Today The Croc and the Platypus is stopping at DeeScribe Writing on its tour through cyberspace. The Croc and the Platypus is a gorgeous new picture book written by rhyming poetry queen, Jackie Hosking and illustrated by the very talented Marjorie Crosby-Fairall.
They’re going to share some fabulous tips on how they created The Croc and the Platypus.
The seed was planted a long time ago. Not to necessarily write this book but to write a book for Walker. I like to tell the story of being in a small book shop and picking up The Dot by Peter H Reynolds. Much to my embarrassment, as I read the book my eyes began to fill with tears. It really is the most beautiful book. I turned it over to see who had published it and saw the bear carrying the candlestick. Candlewick Press is the American arm of Walker Books and so my journey began. That was over ten years ago.
Then, when a friend of mine, author Claire Saxby had her rewriting of There was an Old Lady who swallowed a Fly, (There was an Old Sailor) published by Walker, I thought AH HA! I’ll rewrite a rhyming classic too. I chose The Owl and the Pussycat because my grandmother used to sing it to me when I was small so it has always been a favourite.
1. Once I’d decided that I wanted to do an Aussie reimagining of the The Owl and the Pussycat, the first thing I did was find the words to the original poem by Edward Lear.
2. Then I read it over and over so as to better absorb the rhythm. So the first line, if you recall goes like this…
The OWL and the PUssycat WENT to SEA in a BEAUtiful PEA-green BOAT
The capitals denote the stressed syllables, the drum beat of the line. I needed to copy this beat exactly and so…
The CROC and the PLAtypus TRUNdled OFF in a RUSty old HOLden UTE
3. This process was then applied to the whole poem.
4. There’s another line that I borrowed, though I’d not realised it at the time, from a song called Gypsy Rover. The line in song goes like this…
He whistled and he sang ’til the greenwoods rang,
My line goes like this…
Platypus sang till the hubcaps rang.
This was not intentional. I used to sing this song at school and it showed up again just at the right time.
5. After I finished the text I was awarded a Maurice Saxby mentorship. One of my mentors was author Elizabeth Honey. She was instrumental in helping me improve what I thought was a pretty polished story. Writing buddies, critics and mentors are gold and I would recommend everyone to give their work to someone else to read before they submit to publishers. It’s just a sensible thing to do.
Inspiration for the illustrations can come from many places including an initial emotional response or even from unexpected sources. When I read the text for The Croc and the Platypus my first impressions was that it was ‘bouncy’ and ‘joyful’ so I wanted to reflect those emotions in the illustrations. This can be quite literal, like the Ute bouncing along a dirt track and the curved and bouncing type treatment—or it can be more understated, like the joyful dancing under the stars and the fluid curves of the landscape.
It is surprising the different paths you might wander down when you meet some unexpected inspiration. For example, the ‘rusty old Holden Ute’ features prominently in the text so it was important to get that image right. Unfortunately, I’m not really fond of cars, so I was not looking forward to drawing the Ute. However, once I started to delve into the research I fell in love with the 1950s Holden Ute. The Ute became another character and began to spark a number of other ideas for the book—I suddenly wanted to give a nod to the 1950s road trip. This became the jumping off point for several more elements including the fonts and even the colour palette.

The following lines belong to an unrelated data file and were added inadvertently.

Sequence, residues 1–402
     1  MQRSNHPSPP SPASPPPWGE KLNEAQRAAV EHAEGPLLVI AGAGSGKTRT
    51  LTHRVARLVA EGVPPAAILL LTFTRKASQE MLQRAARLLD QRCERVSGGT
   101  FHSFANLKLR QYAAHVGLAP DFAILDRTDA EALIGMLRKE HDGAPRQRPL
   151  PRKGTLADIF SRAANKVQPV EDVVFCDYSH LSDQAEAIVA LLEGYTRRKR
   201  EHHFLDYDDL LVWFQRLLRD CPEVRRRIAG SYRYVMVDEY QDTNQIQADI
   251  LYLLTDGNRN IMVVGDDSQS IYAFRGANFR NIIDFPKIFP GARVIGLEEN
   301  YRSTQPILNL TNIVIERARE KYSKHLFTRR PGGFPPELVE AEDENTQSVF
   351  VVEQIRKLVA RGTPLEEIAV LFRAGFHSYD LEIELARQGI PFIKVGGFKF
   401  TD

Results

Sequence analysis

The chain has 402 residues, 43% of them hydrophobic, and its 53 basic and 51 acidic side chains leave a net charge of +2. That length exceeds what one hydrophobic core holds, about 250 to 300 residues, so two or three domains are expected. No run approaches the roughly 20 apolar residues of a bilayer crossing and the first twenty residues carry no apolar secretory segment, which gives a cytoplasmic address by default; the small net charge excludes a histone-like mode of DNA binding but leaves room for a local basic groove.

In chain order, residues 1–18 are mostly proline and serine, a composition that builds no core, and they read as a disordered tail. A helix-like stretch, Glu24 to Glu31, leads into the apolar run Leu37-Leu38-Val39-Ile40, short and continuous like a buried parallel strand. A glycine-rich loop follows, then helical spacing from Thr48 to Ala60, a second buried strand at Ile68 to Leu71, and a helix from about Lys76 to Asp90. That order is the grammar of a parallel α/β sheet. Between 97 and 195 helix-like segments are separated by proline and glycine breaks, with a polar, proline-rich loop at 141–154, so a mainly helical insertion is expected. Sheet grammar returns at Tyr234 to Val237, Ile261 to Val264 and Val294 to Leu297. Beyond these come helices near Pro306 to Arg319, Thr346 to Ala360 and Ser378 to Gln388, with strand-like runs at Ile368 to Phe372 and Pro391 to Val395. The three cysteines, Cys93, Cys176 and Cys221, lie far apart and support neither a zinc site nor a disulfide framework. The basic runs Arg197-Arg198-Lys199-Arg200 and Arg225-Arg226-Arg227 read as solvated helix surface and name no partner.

- Read lots of Picture Books, they can be inspirational in unexpected ways.
- Study the painting process of other artists. I decided to use under paintings and drawings after researching Renaissance painting. It’s amazing what you can adapt to your own style!
- If you want to use pencil on top of the acrylics, you can try using gesso instead of white paint—it helps to create a ground for the pencil.
- If you use a heavy watercolour paper you don’t need to stretch the paper.
- You can use your final roughs as a value study.
The Croc and the Platypus is an Australian version of The Owl and the Pussycat, and I couldn’t decide what appealed to me most about this rollicking Australian picture book. There were so many things to like about it.
There’s a lilting quality to the rhyme that I just love, and who wouldn’t enjoy wrapping their tongue around words like hullabaloo?
The Croc and the Platypus is one of those books where you feel like the writer is sitting next to you telling her story, the author’s voice comes through strongly in a unique and engaging way.
But the text is only part of this entertaining story.
Marjorie Crosby-Fairall’s illustrations perfectly compliment the words. They take the humour to a whole new level, and the ochre’s, tans and greens of the truly Australian setting are captured so authentically.
The scenery is stunning and there is so much movement and life in Marjorie’s illustrations that you can picture yourself in the setting – perhaps even coming across these colourful characters along the road.
One of the other entertaining aspects of this book is the incongruous pairing of the Croc and the platypus – and this makes the tale even funnier.
For those who might struggle with the very Australian vernacular, there’s a glossary at the end of the book that provides translations.
Please note that Stephen Whiteside’s profile and tips have now been rescheduled for next Tuesday 19th August.